Close to 30 Eastern Health paramedics staged an information picket line in St. John's on Thursday morning to bring awareness to the high number of red alerts that are occurring on the northeast Avalon. 

Thursday's protest marked the second time the paramedics have demonstrated about the issue in the past month.

Red alerts occur when there is no Eastern Health ambulance on standby, ready to answer emergency calls in the northeast Avalon area.

The paramedics say the Department of Health and Community Services is not doing its job in trying to reduce the number of red alerts.

Jim Lacey

NAPE representative Jim Lacey says in 2013 there were more than 460 occasions when a red alert was issued in the St. John's region. (Cecil Haire/CBC)

Jim Lacey, eastern vice-president with NAPE, said despite Thursday's protest, as well as the demonstration held on March 25, the union is not looking for a fight.

"We are trying to work to find solutions," said Lacey.

"We've done a great deal of research into numbers, not only from a Newfoundland standpoint, but on a national level — and more particularly with jurisdictions that have equal populations and how they've been doing things."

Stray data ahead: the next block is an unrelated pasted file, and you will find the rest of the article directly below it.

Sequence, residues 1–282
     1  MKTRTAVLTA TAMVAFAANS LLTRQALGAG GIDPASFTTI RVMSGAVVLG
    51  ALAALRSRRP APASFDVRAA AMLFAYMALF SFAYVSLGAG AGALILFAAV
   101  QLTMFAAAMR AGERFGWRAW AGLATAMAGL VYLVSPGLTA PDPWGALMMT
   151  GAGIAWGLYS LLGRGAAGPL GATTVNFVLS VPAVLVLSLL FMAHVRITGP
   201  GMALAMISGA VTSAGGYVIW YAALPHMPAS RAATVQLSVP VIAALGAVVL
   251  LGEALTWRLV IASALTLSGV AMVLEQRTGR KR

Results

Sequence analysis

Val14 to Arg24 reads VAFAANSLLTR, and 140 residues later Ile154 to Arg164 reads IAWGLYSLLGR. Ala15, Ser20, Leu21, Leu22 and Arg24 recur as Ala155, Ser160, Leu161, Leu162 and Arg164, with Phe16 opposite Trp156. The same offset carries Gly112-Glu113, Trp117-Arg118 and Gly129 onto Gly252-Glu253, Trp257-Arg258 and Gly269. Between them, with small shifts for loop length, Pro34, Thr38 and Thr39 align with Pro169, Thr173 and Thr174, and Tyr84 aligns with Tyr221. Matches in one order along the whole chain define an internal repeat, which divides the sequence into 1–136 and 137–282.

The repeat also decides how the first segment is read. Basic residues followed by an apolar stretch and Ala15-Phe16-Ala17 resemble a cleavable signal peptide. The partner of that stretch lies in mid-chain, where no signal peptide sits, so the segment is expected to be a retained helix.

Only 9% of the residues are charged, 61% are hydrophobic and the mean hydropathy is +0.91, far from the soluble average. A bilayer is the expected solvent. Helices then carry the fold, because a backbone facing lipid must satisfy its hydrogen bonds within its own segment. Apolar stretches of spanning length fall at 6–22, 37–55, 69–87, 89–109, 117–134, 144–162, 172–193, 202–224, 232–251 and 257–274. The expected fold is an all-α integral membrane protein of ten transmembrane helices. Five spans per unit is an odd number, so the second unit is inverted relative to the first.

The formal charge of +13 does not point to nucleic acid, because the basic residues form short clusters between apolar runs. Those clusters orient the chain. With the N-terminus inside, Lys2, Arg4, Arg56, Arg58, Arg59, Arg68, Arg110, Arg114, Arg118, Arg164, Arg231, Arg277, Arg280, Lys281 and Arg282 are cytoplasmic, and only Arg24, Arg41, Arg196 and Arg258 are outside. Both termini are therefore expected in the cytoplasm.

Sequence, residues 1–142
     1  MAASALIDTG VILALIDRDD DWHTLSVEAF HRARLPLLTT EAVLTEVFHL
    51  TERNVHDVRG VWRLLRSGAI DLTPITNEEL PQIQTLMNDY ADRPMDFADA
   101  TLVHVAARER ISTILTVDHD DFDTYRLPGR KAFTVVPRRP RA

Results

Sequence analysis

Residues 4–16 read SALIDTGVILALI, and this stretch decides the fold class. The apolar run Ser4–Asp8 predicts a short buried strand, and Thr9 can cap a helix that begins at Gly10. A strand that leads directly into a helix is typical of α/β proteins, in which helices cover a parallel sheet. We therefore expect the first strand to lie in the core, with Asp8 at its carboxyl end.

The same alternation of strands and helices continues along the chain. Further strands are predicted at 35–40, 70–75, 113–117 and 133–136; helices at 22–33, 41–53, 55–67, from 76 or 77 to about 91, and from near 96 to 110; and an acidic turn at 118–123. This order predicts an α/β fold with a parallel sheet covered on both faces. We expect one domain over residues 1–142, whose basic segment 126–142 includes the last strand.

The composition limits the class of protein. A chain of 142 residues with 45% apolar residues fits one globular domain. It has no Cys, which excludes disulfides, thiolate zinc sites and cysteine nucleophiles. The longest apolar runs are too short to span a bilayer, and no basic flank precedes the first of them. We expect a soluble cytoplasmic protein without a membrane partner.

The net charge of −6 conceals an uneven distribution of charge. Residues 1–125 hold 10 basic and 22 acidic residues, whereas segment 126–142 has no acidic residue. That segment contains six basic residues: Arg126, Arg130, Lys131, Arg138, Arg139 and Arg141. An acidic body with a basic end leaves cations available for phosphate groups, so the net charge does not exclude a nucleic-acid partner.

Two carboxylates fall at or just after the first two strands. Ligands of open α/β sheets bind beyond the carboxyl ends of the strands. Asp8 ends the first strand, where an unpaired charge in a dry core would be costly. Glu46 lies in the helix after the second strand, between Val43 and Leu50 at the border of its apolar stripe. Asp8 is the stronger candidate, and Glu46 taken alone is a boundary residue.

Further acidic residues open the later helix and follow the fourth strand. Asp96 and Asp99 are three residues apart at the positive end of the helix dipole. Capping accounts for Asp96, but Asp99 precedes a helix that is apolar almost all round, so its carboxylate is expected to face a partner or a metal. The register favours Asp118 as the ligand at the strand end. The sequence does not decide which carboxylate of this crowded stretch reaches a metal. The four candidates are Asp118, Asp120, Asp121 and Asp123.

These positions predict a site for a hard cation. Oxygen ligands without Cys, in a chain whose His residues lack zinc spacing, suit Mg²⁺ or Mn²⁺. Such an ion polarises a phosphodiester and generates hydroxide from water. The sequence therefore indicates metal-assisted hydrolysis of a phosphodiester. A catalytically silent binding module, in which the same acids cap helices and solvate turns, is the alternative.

According to documents obtained by CBC News through access to information, there were 286 red alerts between Jan. 1 and July 31, 2013 — an average of more than one a day.

Lacey said Eastern Health is trying to resolve the problem, but government is not putting resources into fixing it.

An independent review of Newfoundland and Labrador's road ambulance program, which was released last October, concludes there is significant room for improvement in the service. 

The report made 10 recommendations, including the establishment of a central dispatch system.